BALTIMORE – There’s an ancient Jack Benny routine that allegedly drew the longest laugh in all of radio history. But it’s got a modern connotation that gives it new meaning.
Benny’s comic persona was built on his tightness with a buck. In the old routine, a stick-up man demands, “Your money or your life.” The skinflint Benny doesn’t move a muscle.
“I said, ‘Your money or your life,’” the hold-up man repeats. Finally, Benny answers.
“I’m thinking,” he says. “I’m thinking it over.”
In the modern context, we’re all thinking. As The New York Times headline phrased it over the weekend, “Your Life or Your Livelihood: Americans Wrestle with Impossible Choice.”
Around the U.S., we’ve got all kinds of states re-opening for business, to one extent or another. It’s not because we’re past this coronavirus catastrophe, that’s for sure. It’s because the economy’s down, more people than ever are out of work, millions can’t pay their rent or buy food – and those willing to roll the dice with their lives are now leaving their homes, heading back to work, and hoping that customers will follow.
Also, hoping they don’t get sick and die while they’re doing this.
In Maryland, Gov. Larry Hogan’s been cautious all through this pandemic. He knows people want their old lives back. He knows the anxiety felt by so many steady, hard-working people who have always thought of themselves as middle class but suddenly find themselves living closer to economic disaster than they ever imagined.
Many showed up in Annapolis about a week ago, outside the State House, to tell Hogan that they want this state back in business before their bank accounts are drained altogether.
But Hogan also knows, in the current crisis, that science matters more than economics, and more than politics, too. You send people back to mingling with each other prematurely, and you may be risking their lives and setting loose a second wave of the killing virus.
We have here a delicate balancing act.
Last Friday, May 1, millions of Americans faced an old challenge under new conditions. Their rents and mortgage payments were due.
Meanwhile, about 3.5 million Americans filed first-time claims for unemployment benefits in the week ending April 25. This brings the total number of first-time claims to 30.3 million Americans over the last six weeks. That’s 18.6 percent of the U.S. labor force, as businesses have laid off and furloughed workers during stay-at-home orders.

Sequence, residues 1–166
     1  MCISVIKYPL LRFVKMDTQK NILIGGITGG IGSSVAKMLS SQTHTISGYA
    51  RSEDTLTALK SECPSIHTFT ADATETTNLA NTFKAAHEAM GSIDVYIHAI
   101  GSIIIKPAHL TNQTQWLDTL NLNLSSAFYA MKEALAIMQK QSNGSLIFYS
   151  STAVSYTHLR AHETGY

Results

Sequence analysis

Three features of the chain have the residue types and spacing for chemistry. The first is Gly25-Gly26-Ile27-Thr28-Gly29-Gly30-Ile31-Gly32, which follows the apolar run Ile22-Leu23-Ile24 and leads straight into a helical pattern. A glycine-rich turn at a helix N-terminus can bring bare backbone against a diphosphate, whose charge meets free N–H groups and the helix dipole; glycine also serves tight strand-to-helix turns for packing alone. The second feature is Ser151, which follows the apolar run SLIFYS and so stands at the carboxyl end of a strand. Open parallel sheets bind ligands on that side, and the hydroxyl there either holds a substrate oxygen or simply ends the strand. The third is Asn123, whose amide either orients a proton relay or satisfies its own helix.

So nobody needs an explanation about the hunger to re-open the country for business – except for that other part of the balancing act, in which more than 63,000 Americans have already died from the coronavirus, and more than a million have contracted the disease.
Your money or your life, indeed.
As that New York Times story noted, “Americans whose governors said it was time to reopen wrestled with what to do, weighing what felt like an impossible choice. If they go back to work, will they get sick and infect their families? If they refuse, will they lose their jobs?”
So the immediate conflict, between life and livelihood, is clear. But isn’t this the time for Americans to take the longer view?
Over the past 40 years, millions have told themselves a fiction. They’ve called themselves middle class, or working class. They’ve told themselves the American system of cold capitalism and raw political bullying has worked out for them, that their families are secure, that they’re doing well and their children will do even better.
And the fiction they told themselves came completely apart – and did it in record time, a week or two before they realized what a thin and ragged safety net existed for them. It’s a safety net so thin, and so full of holes, that many are now willing to risk their very lives by going back to work too soon.
But there’s something else millions should be doing: asking how so many of us got into such vulnerable financial shape, and what we have to do to get out of it, without risking our lives in the process.
Michael Olesker, columnist for the News American, Baltimore Sun, and Baltimore Examiner has spent a quarter of a century writing about the city he loves.He is the author of five previous books, including Michael Olesker’s Baltimore: If You Live Here, You’re Home, Journeys to the Heart of Baltimore, and The Colts’ Baltimore: A City and Its Love Affair in the 1950s, all published by Johns Hopkins Press.